It’s back to the Philadelphia Court of Common Pleas for a premises liability
case initiated by a city woman against the Wal-Mart Corp.
U.S. District Judge Robert F. Kelly, who sits in the Eastern District of Pennsylvania, granted a motion to remand by plaintiff Juanita Lewis-Hatton in her case against Wal-Mart Stores East.
The case, initially filed in state court back in early October of last year, stems from a slip-and-fall incident that Lewis-Hatton blames on an accumulation of spilled and trampled produce and other food items that had been left on the store’s floor.
The incident occurred in late September 2012 at the Wal-Mart store located at 2200 Wheatsheaf Lane in Philadelphia.
The plaintiff claims that she sustained “severe, disabling, and permanent bodily injuries” as a result of her fall.
They allegedly include injuries to her joints, pelvis, thigh, hip, lower back, and other parts of her body.
Lewis-Hatton accuses the defendant of negligence for failing to remedy the dangerous situation inside of the retail store.
She is being represented by attorney John A. Spitale of Christopher L. Giddings P.C.
The dispute with regard to venue began late last year when defense lawyers Patrick J. McDonnell and Marc R. Kamin, of McDonnell & Associates in King of Prussia, Pa., filed a removal petition seeking to move the litigation to the U.S. District Court in Philadelphia.
The two argued that the plaintiff’s damages, if any, are limited to an amount not in excess of $50,000 and $75,000, although Lewis-Hatton’s legal counsel denied the allegation with regard to damages.
Defense lawyers sent the plaintiff’s attorney a letter in mid-December of last year seeking clarification as to the issue of damage, records show, but no answer was given, leading Kamin and McDonnell to assume that Spitale, the plaintiff’s lawyer, was unwilling to stipulate to their damages contention.
The two defense attorneys then filed their removal petition seeking to transfer the case to federal court.
In her motion to remand, the plaintiff contended that the defendant has failed to establish that the amount in controversy exceeds $75,000, as required for subject matter jurisdiction under federal procedural rules.
She maintains that the amount-in-controversy requirement has not been met because she filed the case in the arbitration program at Philadelphia’s Common Pleas Court, explicitly stating that she seeks damages not in excess of $50,000.
She additionally noted that actions filed in the Compulsory Arbitration Program in Common Pleas Court caps damages at $50,000.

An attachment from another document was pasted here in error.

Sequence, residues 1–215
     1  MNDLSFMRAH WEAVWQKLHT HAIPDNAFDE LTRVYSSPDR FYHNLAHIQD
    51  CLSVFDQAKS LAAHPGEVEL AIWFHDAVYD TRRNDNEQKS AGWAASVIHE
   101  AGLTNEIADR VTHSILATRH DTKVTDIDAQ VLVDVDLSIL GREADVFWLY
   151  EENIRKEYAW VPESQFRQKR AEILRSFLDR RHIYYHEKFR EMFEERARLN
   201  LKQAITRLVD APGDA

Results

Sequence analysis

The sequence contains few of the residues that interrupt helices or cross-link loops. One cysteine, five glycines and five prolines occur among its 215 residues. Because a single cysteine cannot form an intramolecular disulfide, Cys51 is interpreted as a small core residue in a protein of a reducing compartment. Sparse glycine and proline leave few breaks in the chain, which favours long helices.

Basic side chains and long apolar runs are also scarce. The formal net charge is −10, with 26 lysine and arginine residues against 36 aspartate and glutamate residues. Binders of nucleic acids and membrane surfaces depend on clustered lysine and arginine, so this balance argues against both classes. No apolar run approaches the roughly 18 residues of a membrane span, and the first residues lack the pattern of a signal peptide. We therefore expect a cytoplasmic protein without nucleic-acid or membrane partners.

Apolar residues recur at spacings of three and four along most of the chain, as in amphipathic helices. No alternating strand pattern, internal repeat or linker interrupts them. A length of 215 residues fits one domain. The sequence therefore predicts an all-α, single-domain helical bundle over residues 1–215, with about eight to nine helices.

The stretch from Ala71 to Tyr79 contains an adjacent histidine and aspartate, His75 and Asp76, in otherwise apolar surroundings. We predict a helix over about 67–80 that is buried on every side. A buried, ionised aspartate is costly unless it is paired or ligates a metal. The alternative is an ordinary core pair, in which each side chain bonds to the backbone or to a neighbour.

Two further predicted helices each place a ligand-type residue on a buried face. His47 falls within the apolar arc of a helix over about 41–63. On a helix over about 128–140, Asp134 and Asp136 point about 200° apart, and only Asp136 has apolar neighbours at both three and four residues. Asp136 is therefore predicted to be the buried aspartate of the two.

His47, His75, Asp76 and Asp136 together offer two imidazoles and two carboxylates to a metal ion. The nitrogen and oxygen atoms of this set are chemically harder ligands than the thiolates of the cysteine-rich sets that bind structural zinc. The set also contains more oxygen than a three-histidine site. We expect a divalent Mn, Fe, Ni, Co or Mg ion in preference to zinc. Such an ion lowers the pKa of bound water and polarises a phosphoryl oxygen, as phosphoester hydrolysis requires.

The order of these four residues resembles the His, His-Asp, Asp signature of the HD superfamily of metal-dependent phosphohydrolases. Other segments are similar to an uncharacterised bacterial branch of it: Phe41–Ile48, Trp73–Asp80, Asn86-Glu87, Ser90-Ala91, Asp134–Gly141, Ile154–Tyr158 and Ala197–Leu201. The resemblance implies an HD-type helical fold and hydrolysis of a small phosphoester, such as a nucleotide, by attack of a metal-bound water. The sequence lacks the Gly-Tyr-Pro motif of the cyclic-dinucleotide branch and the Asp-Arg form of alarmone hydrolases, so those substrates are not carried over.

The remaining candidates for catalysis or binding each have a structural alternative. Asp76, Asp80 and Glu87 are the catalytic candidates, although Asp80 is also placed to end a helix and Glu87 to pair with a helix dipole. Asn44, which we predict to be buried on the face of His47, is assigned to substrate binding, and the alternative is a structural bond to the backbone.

The defendant, in turn, argued that a “reasonable reading” of the civil action reveals that the damages exceed the jurisdictional amount in state court.
Kelly, the judge, wrote that in this case, the defense lawyers have failed to meet the “high burden of proving to a legal certainty that the amount in controversy exceeds $75,000.”
“Defendant argues that Plaintiff’s failure to stipulate, and denial to its New Matter, that the amount in controversy is less than $50,000 or $75,000 shows that diversity jurisdiction is satisfied,” Kelly wrote in his Feb. 7 memorandum. “While probative, under the facts of this case as we currently know them, Plaintiff’s refusal and denial alone are insufficient to meet Defendant’s burden.”
Kelly wrote that he does not solely rely upon the fact that the plaintiff’s case was designated for the Compulsory Arbitration Program at Philadelphia’s Court of Common Pleas to show that the amount in controversy does not meet the jurisdictional limit.
“Likewise, we do rely upon Defendant’s speculation about future awards on appeal to establish subject-matter jurisdiction,” the judge wrote.
Defense lawyers also asserted that the basis for its removal to the federal venue stems from the plaintiff’s “boilerplate” allegations of severe, permanent injuries, including future pain and suffering and lost earnings.
Kelly wrote that while the alleged injuries are not insignificant, he has no sense of what injuries or medical expenses the plaintiff is claiming at this point in the game.
Likewise, neither party has provided the court with any information regarding damages for lost wages, the judge noted.
“We do not know what occupation plaintiff has or how such employment has been impacted by the injuries caused by the alleged slip and fall,” Kelly wrote. “There is no colorable dispute regarding any underlying jurisdictional facts because neither Plaintiff nor Defendant has provided any specific information regarding the damages allegedly incurred, and no request for limited jurisdictional discovery in this action has been made.”
Kelly further noted that the defendant has relied upon “pure speculation leaving this Court to guess whether the jurisdictional threshold has been met under the current facts of this case.”
The U.S. Third Circuit Court of Appeals has cautioned that removal statutes are to be strictly construed against removal, and that all doubts should be resolved in favor of remand, the judge noted.
With this directive in mind, Kelly wrote, the case should be sent back to state court.